masthead image

Collins Inlet


Town site photo

Remains of mill site

Source: Killarney promo pamphlet, 1986

The first lumberjacks began arriving in the area as early as 1865, after the province opened up timber booths. In 1868 a small mill, specializing in sawed lumber for pickets, laths, boxes and ship building, was opened under the name of the Collins Inlet Lumber Company.

The lumber company operated camps farther north on various lakes such as Bush, Bell, Balsam, David and Great Mountain Lakes. The lumber was cut and stashed in large piles until spring when timber would be floated down the Mahzenazing River from its bountiful tributaries. The firm also floated down salvaged culled logs from other companies who dealt only in the squared timber trade. These firms took the great pines only to the first knot and, in the name of quality, culled the remainder. Thousands of boardfeet were left to rot for absolutely no good reason.

Once the mill had a large supply of good cheap lumber, it began to thrive. After John Bertram purchased the mill in 1886, he enlarged it to produce rough lumber and added a 100 ft high sawdust burner. He also improved the settlement by replacing older structures, which in reality were mere shacks, with proper cottages. The town site had by then grown to include a boarding house, a company store and post office, school, the boat works, along with a number of cottages.

Bertram was a former politician, who sat in the House of Commons from 1872-1878. He was a strong proponent of responsible lumbering. As a member of the Commission on Forestry in Ontario, Bertram advocated early on for a total ban on the export of saw logs to the United States. This finally occurred in 1899. He also advocated responsible harvesting, reforestation, and the establishment of protected areas, near rivers and around unstable grounds.

Bertram was a man who was way ahead of his time. He wrote in his report: "It is time the Dominion and Provincial Governments [gave] more care to their property. Forests are becoming of increasing importance, and the study of the part they play in the welfare of the nation should be encouraged. The time is long past when trees were looked upon as enemies, and they should be grown wherever considered the most profitable crop." That was an extremely enlightened view for a lumberman from the 19th century.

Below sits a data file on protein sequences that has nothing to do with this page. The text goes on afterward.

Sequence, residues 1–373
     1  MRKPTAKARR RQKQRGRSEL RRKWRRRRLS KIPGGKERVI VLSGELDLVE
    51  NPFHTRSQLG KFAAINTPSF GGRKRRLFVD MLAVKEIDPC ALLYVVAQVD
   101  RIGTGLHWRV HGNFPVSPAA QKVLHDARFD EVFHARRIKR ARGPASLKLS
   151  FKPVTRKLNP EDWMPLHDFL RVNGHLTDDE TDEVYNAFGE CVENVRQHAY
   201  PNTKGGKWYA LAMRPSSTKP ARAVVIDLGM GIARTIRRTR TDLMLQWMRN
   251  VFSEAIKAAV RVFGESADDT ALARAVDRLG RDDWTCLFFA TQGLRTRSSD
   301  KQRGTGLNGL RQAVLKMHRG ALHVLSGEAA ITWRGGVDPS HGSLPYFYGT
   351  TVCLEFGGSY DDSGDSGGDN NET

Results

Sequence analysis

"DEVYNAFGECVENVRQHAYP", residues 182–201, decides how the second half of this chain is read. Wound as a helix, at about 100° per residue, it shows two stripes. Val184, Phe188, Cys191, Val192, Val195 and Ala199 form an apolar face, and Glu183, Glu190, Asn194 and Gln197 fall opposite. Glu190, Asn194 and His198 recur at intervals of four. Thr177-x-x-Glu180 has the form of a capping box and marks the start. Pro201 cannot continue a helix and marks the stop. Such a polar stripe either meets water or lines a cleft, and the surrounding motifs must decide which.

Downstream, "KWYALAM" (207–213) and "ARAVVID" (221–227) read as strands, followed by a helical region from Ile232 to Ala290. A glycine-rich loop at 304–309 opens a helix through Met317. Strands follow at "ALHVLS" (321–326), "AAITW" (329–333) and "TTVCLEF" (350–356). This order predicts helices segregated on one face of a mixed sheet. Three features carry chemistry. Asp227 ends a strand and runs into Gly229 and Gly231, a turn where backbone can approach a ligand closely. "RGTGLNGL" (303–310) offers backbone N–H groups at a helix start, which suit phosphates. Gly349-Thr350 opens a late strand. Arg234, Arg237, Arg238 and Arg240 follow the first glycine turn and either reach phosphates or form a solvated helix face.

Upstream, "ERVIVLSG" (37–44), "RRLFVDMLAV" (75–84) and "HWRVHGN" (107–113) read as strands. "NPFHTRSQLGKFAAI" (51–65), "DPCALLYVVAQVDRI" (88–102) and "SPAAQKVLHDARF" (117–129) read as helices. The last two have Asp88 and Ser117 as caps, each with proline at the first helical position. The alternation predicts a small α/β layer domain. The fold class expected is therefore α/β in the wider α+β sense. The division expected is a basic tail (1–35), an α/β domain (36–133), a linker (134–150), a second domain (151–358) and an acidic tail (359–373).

Unfortunately Bertram's fight for responsible logging and milling ended in 1904 when he died. As a result of his forestry practices, the mill carried on and prospered until it was destroyed by fire in 1918. Following the devastating fire, the mill's scrap machinery was salvaged for the war effort, the town abandoned and the company's schooner scuttled. Timber was still cut within the limits and then floated down to other mills in Georgian Bay for sawing right up till the late 1930s.

Collins Inlet had a post office that seesawed back and forth between opening and closing for almost 100 years. It was first opened in 1869, closed in 1877 then reopened in 1883, this time lasting until 1938. It came back for a last hurrah as a summer office in 1938 and survived until 1941, when a popular lodge first exploited the site for tourist dollars. The office was finally closed for good in 1945.

The Lodge converted the former company boarding house into a guest house that still continues to operate. Known as the Mahzenazing River Lodge, it is accessible only by boat. Canoes are recommended. A few houses still stand along with the ruins of the mill and burner. The City of London, a ship built in 1865, sank off the shore in 1875 and can still be seen. The few buildings that are still standing are now part of the Mahzenazing River Lodge.